Are there any low-priced deals left?
Most suppliers pulled their cheapest tariffs last week but there are a few deals still being advertised that might prove a good bet against rising prices.
This week a number of firms were offering one-year variable-rate tariffs for about £1,274 a year for dual fuel – about the same as the price cap. E.ON’s one-year fix cost£1,430 a year. Its two-year fix was priced at £1,474. Octopus’s two-year fixed tariff was priced at £1,555 a year for average consumption. British Gas has a 30-month fix for a hefty £1,778 a year (including 12 months’ boiler cover) – but these deals may not be around for long.
Should I fix when the best deals are so expensive?
If you really value certainty, look to E.ON’s two-year deal. However, if your existing tariff is significantly cheaper than that, it’s probably worth waiting to see how things play out. MoneySavingExpert Martin Lewis, a previous champion of energy switching, says prices have risen so much in recent weeks that the savings consumers will make by sticking with their old cheap tariff, while it lasts, will probably outweigh the extra costs faced later on.
What is going to happen to prices in future?
Unfortunately, this is just the start of price increases. The price cap changes each October and April, and experts are already warning that it will rise again next spring – to the equivalent of between £1,455 and £1,500 a year. This is for average use, with big-using households paying considerably more annually. The hope is that the market calms down and wholesale prices return to normal, at which point consumer prices should also fall.
I can’t afford these increases – what help is there available?
Households on a low income and in receipt of certain benefits may be able to get £140 off their energy bill this winter under the warm home discount scheme. And major suppliers, including British Gas, EDF, E.ON and Scottish Power, have reopened their schemes for 2021-22.
If you get the guarantee credit element of pension credit, you should get the warm home discount automatically. Equally, households with an income of £16,190 or less can apply. Those receiving child tax credit, income support or income-based jobseeker’s allowance, and a host of other benefits are also eligible but it’s on a first-come, first-served basis.
Citizens Advice says people struggling to afford their gas and electricity bills should contact their supplier, which has to help you come to a solution. You should try to negotiate a deal that works for both of you, it says.
If you were forced to start using a pre-payment meter because of previous financial problems maybe your record has improved to the extent that you can return to a credit meter. Equally, if you inherited a pre-payment meter, now is the time to switch. You can save £40 a year and a whole lot of trips to the shops to reload.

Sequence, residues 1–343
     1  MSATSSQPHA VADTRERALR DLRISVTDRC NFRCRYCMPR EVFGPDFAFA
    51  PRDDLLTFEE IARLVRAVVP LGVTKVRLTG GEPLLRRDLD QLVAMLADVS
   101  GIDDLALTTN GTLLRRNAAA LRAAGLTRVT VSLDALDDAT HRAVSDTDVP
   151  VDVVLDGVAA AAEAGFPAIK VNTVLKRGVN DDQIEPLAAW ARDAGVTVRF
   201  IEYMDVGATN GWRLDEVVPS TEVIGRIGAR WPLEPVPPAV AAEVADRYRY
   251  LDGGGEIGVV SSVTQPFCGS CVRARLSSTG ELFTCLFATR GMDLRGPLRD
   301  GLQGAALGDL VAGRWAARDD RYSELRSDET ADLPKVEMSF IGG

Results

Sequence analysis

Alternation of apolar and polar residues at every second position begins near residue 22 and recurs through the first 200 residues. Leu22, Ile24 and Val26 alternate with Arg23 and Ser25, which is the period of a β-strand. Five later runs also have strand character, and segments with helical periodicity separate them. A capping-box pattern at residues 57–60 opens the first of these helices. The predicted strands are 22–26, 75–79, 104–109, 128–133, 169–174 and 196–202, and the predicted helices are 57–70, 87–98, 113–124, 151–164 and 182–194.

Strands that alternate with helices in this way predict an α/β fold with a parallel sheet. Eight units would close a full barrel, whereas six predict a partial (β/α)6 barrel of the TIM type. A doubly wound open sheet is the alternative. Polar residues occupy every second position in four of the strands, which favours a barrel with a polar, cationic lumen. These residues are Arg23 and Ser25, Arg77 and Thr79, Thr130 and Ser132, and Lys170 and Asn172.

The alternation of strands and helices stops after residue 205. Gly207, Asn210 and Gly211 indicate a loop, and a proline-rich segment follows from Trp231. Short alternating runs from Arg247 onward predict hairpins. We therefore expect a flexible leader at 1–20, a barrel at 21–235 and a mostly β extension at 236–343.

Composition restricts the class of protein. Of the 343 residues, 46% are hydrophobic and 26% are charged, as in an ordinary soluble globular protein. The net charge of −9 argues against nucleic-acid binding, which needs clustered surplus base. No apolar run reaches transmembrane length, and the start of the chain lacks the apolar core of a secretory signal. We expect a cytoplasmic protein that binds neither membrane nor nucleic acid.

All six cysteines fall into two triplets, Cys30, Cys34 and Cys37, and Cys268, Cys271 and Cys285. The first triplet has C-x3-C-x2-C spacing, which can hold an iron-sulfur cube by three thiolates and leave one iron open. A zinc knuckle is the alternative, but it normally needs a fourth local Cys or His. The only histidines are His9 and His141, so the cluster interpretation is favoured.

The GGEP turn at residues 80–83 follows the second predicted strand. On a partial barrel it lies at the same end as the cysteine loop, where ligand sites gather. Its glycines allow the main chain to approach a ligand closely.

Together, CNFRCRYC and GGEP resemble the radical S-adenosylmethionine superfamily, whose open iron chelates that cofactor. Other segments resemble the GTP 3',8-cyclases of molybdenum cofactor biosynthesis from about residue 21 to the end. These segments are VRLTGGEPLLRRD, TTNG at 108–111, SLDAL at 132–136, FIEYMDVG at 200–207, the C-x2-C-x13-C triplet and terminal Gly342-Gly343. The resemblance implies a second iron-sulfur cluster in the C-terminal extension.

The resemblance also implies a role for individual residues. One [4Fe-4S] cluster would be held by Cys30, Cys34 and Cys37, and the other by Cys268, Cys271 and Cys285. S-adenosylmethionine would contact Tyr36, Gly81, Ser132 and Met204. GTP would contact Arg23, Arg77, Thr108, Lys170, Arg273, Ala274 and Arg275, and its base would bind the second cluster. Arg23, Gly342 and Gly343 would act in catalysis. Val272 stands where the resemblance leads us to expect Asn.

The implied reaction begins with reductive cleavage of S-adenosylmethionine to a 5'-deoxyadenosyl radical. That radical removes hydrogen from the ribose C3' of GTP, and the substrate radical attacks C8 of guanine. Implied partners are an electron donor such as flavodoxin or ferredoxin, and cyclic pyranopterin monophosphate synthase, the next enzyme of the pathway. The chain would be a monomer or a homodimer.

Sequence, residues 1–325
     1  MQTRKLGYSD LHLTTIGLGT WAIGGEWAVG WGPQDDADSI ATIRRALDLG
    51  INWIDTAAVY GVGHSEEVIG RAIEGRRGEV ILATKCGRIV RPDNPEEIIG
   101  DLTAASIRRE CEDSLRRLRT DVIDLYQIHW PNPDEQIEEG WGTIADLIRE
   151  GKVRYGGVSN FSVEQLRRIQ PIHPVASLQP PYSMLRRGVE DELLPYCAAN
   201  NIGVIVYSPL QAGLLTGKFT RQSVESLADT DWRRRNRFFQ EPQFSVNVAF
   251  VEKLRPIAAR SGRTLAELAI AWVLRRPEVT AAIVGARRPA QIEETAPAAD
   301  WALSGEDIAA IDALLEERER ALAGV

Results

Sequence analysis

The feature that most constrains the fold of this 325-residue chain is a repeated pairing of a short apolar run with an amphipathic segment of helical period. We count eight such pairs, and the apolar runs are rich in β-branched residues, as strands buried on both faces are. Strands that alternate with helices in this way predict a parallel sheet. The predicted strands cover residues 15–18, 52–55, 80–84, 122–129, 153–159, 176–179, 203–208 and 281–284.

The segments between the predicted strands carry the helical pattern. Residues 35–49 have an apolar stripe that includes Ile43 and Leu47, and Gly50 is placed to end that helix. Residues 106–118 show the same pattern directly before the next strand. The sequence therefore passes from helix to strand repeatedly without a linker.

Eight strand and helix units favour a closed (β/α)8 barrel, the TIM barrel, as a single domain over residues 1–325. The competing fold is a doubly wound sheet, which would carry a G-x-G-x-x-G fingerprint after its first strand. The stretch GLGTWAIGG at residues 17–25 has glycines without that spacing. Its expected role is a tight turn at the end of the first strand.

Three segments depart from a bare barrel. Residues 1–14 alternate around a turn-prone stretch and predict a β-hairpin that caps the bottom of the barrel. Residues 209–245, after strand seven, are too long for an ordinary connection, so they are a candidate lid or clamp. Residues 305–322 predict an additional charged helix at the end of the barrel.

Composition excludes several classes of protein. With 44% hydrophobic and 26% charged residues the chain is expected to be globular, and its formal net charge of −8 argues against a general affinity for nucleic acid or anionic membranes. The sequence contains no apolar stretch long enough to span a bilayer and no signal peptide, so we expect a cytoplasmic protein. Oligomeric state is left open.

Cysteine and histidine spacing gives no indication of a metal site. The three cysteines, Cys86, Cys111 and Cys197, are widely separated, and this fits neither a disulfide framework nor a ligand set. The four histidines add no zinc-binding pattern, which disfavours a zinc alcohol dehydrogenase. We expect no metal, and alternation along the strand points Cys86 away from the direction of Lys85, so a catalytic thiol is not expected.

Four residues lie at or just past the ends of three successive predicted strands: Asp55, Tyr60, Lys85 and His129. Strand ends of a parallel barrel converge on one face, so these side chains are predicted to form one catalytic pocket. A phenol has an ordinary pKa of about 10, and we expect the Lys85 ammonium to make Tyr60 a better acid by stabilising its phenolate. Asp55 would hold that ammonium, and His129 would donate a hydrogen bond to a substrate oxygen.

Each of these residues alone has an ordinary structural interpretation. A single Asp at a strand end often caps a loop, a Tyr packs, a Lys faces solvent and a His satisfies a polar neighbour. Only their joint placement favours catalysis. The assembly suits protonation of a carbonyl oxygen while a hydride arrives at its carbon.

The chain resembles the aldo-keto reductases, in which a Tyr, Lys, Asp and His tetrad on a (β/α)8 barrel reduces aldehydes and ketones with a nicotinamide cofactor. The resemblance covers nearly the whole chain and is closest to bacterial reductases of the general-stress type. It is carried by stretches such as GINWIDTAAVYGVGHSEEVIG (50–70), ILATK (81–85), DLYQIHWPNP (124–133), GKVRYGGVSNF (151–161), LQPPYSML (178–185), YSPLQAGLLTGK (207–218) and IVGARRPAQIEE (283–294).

Physically going back into work every day will reduce bills this winter. People working at home typically spent an extra £100 last year as they kept the heating on – heating that would have been normally off all day.
‘Two failed companies and I’m back where I started’
Since last summer Charles Thomson from London has been using an automatic switching service to shop around for him. He was mid-switch when the energy crisis hit, and now the companies he was moving from and to have both collapsed, and he is back with the provider he had 15 months ago.
“I signed up with Look After My Bills around May or June last year,” he says. “At the time we were with British Gas – they were supplying both our gas and electricity.” The switching site moved him to a one-year fixed-rate deal with People’s Energy, which offered a saving of £560 a year. That deal recently came to an end and he was told he would move to Green.
“This all happened over the last three months or so – before the issue of energy costs for suppliers became known,” he says. “I was told I would save £90 a year with Green.”
The switch appeared to have happened – People’s Energy asked for a last meter reading and his new supplier took an upfront payment from him. But when he tried to give Green a meter reading, its website wouldn’t work, and alarm bells started ringing. When he phoned the company he found himself 37th in the queue, and after an hour his call had still not been answered. On Wednesday it was confirmed that Green had collapsed.
On Tuesday he received an email from British Gas saying that it had taken over his account from People’s Energy, suggesting the switch had not gone through when the latter company went under last week.
“British Gas has sent a note saying ‘don’t worry, we’re taking over your account’. I’m waiting to see what it will say about rates before I make any decision,” he says.
Thomson asked Look after my bills what it was doing to check suppliers before switching people. It told him: “We review the suppliers we work with regularly based on a number of factors including customers’ feedback, Trustpilot reviews, Citizens Advice Bureau and financial stability.”
He’s still signed up. He says: “There’s obviously the bigger picture now with energy prices, and I’m seeing how things go before I do anything.”